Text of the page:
Monster Galaxy Cluster Is Biggest Ever in the Early Universe
This image of the massive galactic cluster IDCS 1426 combines data taken by three major NASA telescopes. The off-center core of X-rays is shown in blue-white near the middle of the cluster, and was captured by Chandra. Visible light from the Hubble Space Telescope is green, and infrared light from Spitzer is shown in red.
Credit: NASA, ESA, and M. Brodwin (University of Missouri)

KISSIMMEE, Fla. ─ The most massive collection of galaxies in the early universe has been spotted. Although not the largest collection of galaxies ever found, it holds the record as the largest group in the early universe, appearing surprisingly old for the time.

"Of all the structures we've ever seen, this is the most massive in the first 4 billion years of the universe," astronomer Mark Brodwin, of the University of Missouri at Kansas City, said at a news conference unveiling the discovery here at the 47th annual meeting of the American Astronomical Society. Brodwin led the team that identified the evolved ancient galaxy cluster.

"It should be consistent with the largest cluster in the observable universe." [The History and Structure of the Universe in Images]

Galaxy clusters are collections of galaxies that formed once stars and individual galaxies had been built. Gravity binds hundreds of thousands of galaxies together in collections so large, they can distort the fabric of space-time. According to present understanding, the massive objects should take billions of years to form.

In 2012, scientists used NASA's Spitzer Space Telescope to measure the galactic cluster IDCS 1426, which lies approximately 10 billion light-years from Earth. Because light takes a full year to travel the distance of 1 light-year, that means astronomers are able to study the cluster as it appeared when the universe was only 3.8 billon years old. [Related: How Old Is the Universe?]

Initial estimates suggested that IDCS 1426 contained an enormous mass at a significant distance, but were not conclusive. Brodwin and his colleagues decided to use NASA's Hubble Space Telescope, Keck Observatory and Chandra X-ray Observatory to refine measurements of the mass of the cluster, using three different methods.

Hubble and Keck studied IDCS 1426 in optical light. Because clusters bend space-time, they are frequently used as natural magnifying glasses to observe objects behind the cluster in a process known as gravitational lensing. A more massive cluster produces a higher gravitational force that bends the light more strongly; by observing how the light traveled around the cluster, the scientists could calculate its weight.

At the same time, Chandra studied the object in the X-ray wavelength. The more massive a galaxy cluster is, the more the gas within it is compressed and heated, producing more X-rays. By observing those X-rays, the scientists were able to compute the mass of the cluster.

All three observations independently provided a mass 250 trillion times higher than the mass of the sun, or 1,000 times more massive than the Milky Way.

IDCS 1426 is not the most massive galaxy cluster in the universe. That distinction is held by a massive cluster that lies only 7 billion light-years from Earth. Known informally as 'El Gordo,'the hefty cluster weighs in at a whopping 3 quadrillion times the mass of the sun (that's 3 followed by 15 zeros, or one thousand million million). However, according to Brodwin, the cluster is on track to grow into something that large.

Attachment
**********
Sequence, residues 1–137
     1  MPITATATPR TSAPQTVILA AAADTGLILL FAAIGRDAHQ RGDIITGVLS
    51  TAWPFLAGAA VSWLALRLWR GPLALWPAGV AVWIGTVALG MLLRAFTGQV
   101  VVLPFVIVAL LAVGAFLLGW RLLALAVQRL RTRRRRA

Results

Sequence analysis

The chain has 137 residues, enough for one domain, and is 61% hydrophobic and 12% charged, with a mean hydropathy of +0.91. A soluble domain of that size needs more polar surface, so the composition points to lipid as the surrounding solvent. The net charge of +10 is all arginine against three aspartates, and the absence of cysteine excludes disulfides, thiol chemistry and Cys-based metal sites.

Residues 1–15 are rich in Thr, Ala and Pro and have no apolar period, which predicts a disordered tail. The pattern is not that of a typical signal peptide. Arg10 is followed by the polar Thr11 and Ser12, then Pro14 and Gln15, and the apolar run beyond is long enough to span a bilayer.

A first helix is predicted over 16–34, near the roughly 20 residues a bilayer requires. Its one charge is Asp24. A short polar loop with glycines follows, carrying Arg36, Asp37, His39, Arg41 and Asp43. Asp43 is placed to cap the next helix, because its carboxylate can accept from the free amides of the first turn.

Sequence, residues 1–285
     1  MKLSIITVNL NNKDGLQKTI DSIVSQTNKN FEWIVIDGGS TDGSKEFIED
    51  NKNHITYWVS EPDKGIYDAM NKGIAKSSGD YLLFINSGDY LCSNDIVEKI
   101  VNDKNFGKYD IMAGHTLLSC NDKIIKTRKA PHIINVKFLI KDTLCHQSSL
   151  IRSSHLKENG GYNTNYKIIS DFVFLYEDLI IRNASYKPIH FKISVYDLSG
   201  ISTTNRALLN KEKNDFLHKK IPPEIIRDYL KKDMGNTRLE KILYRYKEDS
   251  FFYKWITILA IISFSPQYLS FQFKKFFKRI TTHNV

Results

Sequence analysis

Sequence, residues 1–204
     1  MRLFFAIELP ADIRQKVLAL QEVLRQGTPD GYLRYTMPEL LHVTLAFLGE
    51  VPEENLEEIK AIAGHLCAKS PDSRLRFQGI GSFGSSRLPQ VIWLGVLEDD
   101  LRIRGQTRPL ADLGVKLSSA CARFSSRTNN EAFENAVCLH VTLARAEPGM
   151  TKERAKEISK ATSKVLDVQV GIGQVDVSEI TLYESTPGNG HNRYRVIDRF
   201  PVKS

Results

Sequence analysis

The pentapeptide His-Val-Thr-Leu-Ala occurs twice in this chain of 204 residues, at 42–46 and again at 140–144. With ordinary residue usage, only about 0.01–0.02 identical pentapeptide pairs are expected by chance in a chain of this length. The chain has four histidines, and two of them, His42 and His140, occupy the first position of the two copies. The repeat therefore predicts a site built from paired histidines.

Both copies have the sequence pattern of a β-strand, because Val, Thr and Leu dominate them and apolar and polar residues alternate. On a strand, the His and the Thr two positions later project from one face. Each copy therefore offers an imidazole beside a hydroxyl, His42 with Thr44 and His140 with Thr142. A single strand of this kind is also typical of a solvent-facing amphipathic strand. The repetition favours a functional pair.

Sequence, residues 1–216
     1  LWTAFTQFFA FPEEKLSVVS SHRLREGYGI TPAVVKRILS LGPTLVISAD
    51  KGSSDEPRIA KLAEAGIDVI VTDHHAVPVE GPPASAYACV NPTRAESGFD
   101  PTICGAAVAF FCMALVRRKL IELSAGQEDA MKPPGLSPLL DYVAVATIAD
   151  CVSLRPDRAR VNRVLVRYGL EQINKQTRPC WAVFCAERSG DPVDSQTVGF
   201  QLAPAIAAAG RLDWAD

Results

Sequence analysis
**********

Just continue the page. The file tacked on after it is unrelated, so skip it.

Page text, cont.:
"Statistically speaking, it is a progenitor of 'El Gordo,'" he said.

After another 3 billion years, the ancient collection should weigh in fairly close to the larger cluster.

The research will be published in The Astrophysical Journal, though a preprint of the study is available on the site Arxiv.org.

The enormous mass of IDCS 1426 in the early in the life of the universe isn't the only indication of its unusual evolution. In addition to studying its mass, Chandra also took the temperature of the heart of the distant cluster, and found something surprising.

The core of a galactic cluster is an active place, with objects moving around and bumping into one another. This ongoing activity keeps the core hot for the cluster's early lifetime. Once things slow down, however, conditions in the core begin to relax, and the center begins to release energy in the form of X-rays, causing the center to slowly cool.

Chandra revealed a bright knot of X-rays at the center of IDCS 1426 that were surprisingly cool. In fact, it is the first "cool core" cluster at such an early age in the universe. The cool heart of the cluster provides even more evidence for its formation early in the life of the universe.

"A cool core is a property of an evolved cluster," Brodwin said.

A collision may have added the extra kick to the formation of the young cluster. The cool core lies not in the center of the IDCS 1426 but off to one side by a few hundred thousand light-years.

"When it is hit by another group or cluster, the cool core will slosh around like wine in the bottom of the wine glass," Brodwin said.

"Eventually it will settle towards the center, but it hasn't settled yet."

All of these suggest an advanced age for the cluster that came as a surprise for a feature so early in the life of the universe.

"The cluster looks at least a billion years old," Brodwin said.

"It probably really started forming 2 to 3 billion years earlier, which is very early for something of that size."

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